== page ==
Today we’d like to introduce you to Romy Lima.
Romy, we’d love to hear your story and how you got to where you are today both personally and as an artist.
My love of photography started as a love for architecture. My father was a carpenter and would take my little brother and I to his job sites when we were kids. From there, we could see our city from some extremely unique points of view. You could look up and see the stony grey Los Angeles skyline contrasted against the clear blue sky. If you looked down, you would see foundations of the skyscrapers and the people walking through, around and above them. It was an experience that I wish I could relive as an adult. Growing up, I tried a ton of different ways to express how I viewed my city. Painting? I couldn’t paint to save my life. Graffiti? Mom wasn’t having it. I almost gave up until I attended Santa Monica College and was blessed enough to meet some friends that wanted to become professional photographers. It was there that I began to view photography as a medium for my self-expression. Although I don’t have a formal education in photography, I had a bunch of patient friends who taught me everything I know now.
We’d love to hear more about your art. What do you do and why and what do you hope others will take away from your work?
I’m a photographer! I focus primarily on architecture around Los Angeles. I’m completely in love with modernist architecture. I want to showcase the glass, steel and concrete structures that make up our diverse city. When people view my photos, I want them to see my city as I see it, from my own unique point of view. The understanding I want people to take away from my pictures is that there is an every-man aspect of photography that goes unappreciated. As the adage goes, the best camera is the one you have with you. Sometimes it’s as easy as taking your cell phone camera, snapping a picture of something, and showing it to the world while saying “I saw this today and I found it interesting”. There isn’t a barrier to entry for self-expression. It may take some tinkering and practice to capture your surroundings as you see them but it’s part of the process. At the end of the day, my photography is how I view the city. I want to see how others see it.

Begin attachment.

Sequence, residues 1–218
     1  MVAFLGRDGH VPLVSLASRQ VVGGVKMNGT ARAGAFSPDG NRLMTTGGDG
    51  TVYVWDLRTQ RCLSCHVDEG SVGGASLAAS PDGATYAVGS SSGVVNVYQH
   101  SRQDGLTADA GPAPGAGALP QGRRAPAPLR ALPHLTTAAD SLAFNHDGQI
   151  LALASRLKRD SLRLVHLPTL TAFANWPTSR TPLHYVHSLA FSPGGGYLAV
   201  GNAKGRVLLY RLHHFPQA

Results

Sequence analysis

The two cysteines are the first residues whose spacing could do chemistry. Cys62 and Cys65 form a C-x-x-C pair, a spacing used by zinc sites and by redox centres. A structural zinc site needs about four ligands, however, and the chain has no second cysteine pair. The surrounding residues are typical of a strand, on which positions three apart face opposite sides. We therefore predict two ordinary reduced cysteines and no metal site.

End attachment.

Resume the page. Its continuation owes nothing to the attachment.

Do current events, local or global, affect your work and what you are focused on?
With the COVID-19 pandemic going on right now, I feel like the role of artists and creators is being highlighted more than ever. Local artists shape the cultural and ideological landscape of the places they live. It’s an artist’s job to help us better communicate and record our shared experiences, to capture ideas that may not be so easily expressed in writing. More now than ever, artists must create a visual, musical and emotional record that shows others that they aren’t alone in what they are currently experiencing. If journalists are the arbiters of truth, artists are its scribes. In the end, the human experience is just a compilation of pictures, music and books. Those tapped into the Los Angeles art scene know that these same creators are falling to the wayside when it comes to government assistance. Should this trend continue, Los Angeles stands to lose a substantial amount of cultural capital. Currently, I’m trying to find a way to use my art to help these artists stay afloat.
Do you have any events or exhibitions coming up? Where would one go to see more of your work? How can people support you and your artwork?
The best place to see my work is on Instagram! I post about up and coming projects and my creative process a ton. I’m working on a site to showcase my own work and that of others. If you’d like to support my work, send me a DM or email and I would be honored to sell you a print of my work (just enough to buy a single roll of cheap film).